Pete Seeger was born a hundred years ago on May 3rd.
Among the multitude of things we can thank Pete for are hootenannies.
Just as last week’s red diaper babies was a new term for some of our younger listener’s of Hitting Left, this week I imagine some will write in asking what a hootenanny is.
But not if you grew up around folk music in the Sixties.
The word hootenanny probably has some historical rural etymology, but Pete Seeger popularized it.
A hootenanny was where friends, some with instruments and some without, gathered to sing folk songs.
Hootenannies and folk music were so popular in the Sixties – in large part because of Pete Seeger – that ABC aired a weekly show with that name.
Now, back in the 40s Pete had joined the Communist Party. He left the Party in 1949. But he remained a committed radical his entire life. Unlike some back then, he never ratted on his friends and never acted as if his membership in the Communist Party was ever less than a natural journey through his extraordinary life.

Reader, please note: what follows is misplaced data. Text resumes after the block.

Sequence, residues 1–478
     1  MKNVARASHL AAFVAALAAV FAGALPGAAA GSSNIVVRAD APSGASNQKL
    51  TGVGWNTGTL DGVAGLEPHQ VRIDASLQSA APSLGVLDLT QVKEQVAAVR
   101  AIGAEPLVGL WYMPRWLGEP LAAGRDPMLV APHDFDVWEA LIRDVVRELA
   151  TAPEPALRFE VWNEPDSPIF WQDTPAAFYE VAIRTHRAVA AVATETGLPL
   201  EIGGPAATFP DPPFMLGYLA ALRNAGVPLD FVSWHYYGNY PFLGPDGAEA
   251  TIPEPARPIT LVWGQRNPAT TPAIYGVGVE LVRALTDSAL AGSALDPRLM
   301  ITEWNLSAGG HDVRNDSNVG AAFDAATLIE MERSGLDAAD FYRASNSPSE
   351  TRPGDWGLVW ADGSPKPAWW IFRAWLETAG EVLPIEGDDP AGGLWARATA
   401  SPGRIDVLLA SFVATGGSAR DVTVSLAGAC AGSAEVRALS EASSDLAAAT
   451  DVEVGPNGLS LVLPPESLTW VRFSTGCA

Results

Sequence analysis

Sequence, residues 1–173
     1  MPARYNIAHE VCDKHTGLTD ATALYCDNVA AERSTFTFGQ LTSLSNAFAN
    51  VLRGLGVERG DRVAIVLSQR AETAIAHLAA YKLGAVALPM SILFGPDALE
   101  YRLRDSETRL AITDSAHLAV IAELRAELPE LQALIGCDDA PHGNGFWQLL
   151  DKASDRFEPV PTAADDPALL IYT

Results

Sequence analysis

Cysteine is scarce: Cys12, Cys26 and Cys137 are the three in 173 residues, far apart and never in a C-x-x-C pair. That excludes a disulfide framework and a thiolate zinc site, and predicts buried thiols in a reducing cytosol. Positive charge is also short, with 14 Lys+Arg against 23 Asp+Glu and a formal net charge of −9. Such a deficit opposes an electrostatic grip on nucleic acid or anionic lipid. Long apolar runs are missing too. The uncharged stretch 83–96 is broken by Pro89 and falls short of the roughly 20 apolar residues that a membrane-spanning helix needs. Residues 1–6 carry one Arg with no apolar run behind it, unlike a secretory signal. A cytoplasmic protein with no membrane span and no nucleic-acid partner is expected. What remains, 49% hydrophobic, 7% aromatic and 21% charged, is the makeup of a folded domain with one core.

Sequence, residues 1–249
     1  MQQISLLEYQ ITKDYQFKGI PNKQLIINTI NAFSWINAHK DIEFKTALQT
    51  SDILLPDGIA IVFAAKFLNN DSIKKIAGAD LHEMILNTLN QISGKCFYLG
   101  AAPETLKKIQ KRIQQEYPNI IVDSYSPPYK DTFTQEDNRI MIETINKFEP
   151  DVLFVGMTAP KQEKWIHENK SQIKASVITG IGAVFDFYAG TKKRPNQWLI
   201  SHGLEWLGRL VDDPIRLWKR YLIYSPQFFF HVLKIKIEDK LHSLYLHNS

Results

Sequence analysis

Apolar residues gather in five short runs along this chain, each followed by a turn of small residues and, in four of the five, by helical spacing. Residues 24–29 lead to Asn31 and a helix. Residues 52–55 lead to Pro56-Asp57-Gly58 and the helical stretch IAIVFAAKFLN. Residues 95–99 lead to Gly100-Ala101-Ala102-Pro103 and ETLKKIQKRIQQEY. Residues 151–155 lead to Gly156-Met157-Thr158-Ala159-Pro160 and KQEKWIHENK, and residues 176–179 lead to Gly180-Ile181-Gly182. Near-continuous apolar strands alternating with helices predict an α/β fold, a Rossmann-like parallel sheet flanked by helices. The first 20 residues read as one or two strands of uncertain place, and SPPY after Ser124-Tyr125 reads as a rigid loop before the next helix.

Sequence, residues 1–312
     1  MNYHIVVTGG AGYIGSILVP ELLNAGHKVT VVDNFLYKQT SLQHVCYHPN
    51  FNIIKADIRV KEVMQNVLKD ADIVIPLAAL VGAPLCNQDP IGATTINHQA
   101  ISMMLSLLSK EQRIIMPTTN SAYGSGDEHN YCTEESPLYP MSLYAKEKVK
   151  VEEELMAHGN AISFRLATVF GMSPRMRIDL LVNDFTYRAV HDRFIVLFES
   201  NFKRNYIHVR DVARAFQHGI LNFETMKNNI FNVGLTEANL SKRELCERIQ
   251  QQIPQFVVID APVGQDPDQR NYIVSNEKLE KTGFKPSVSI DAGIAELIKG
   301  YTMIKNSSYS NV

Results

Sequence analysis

Pete was banned – part of the Black List – from national TV for most of the Fifties and Sixties.
Even the producers of the Hootenanny TV show ironically refused to allow him to perform.
When word of this got out, Joan Baez refused to appear on the show in solidarity with Seeger.
ABC tried to resolve the controversy by allowing Seeger to appear if he would sign a loyalty oath.
Well, that wasn’t going to happen.
Seeger had been called to testify before the House Un-American Activities Committee on August 18, 1955,
Our guest on this week’s Hitting Left, singer musician and teacher, Mark Dvorak tells the story of how Pete brought his banjo to the HUAC hearings and offered to play.
Unlike others who were forced to testify, Pete stood on his first amendment right of free speech, while others pled the fifth amendment against self-incrimination. For this courageous stand he was cited for contempt of Congress
He was convicted and the conviction was overturned on appeal.
Seeger finally appeared on national television on February 25, 1968, when he sang Waist Deep in the Big Muddy, an anti-Vietnam War protest song that he wrote, on the Smothers Brothers Comedy Hour.
Mark tells more stories about Pete Seeger on this week’s Hitting Left. We play some of Pete’s Songs and Mark shares some of his own.
At the end we all join in, kind of like a hootenanny, singing Pete Seeger’s Where have all the Flowers Gone.